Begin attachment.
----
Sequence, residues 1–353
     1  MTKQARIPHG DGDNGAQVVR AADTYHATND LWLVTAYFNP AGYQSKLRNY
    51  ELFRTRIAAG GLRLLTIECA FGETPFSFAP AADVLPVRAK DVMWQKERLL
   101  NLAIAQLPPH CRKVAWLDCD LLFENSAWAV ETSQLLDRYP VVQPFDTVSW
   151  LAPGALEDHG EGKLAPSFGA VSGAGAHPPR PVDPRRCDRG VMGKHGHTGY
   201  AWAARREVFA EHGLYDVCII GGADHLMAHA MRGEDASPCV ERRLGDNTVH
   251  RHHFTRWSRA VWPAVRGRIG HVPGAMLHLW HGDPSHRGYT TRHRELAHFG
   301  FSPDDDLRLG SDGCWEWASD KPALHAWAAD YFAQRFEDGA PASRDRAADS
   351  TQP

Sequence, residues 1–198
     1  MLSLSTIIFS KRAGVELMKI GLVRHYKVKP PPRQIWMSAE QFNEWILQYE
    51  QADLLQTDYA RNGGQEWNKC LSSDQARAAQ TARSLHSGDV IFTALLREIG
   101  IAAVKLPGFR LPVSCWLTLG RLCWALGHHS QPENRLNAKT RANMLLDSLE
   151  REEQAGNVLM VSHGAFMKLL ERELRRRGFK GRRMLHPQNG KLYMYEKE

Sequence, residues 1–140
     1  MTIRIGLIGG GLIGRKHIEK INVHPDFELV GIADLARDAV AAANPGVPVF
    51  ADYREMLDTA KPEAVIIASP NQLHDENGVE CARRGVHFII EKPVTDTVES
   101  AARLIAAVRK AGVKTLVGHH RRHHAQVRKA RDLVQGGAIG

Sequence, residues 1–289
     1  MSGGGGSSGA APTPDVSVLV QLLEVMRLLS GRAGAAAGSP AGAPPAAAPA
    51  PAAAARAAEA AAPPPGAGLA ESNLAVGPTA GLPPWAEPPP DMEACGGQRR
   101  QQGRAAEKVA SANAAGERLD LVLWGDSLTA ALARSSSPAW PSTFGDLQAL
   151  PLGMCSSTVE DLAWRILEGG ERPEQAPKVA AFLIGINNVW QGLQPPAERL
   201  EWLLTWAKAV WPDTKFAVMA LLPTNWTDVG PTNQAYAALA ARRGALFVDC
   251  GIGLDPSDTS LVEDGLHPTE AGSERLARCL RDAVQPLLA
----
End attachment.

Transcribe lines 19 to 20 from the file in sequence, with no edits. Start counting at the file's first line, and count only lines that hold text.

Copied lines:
Sequence, residues 1–289
     1  MSGGGGSSGA APTPDVSVLV QLLEVMRLLS GRAGAAAGSP AGAPPAAAPA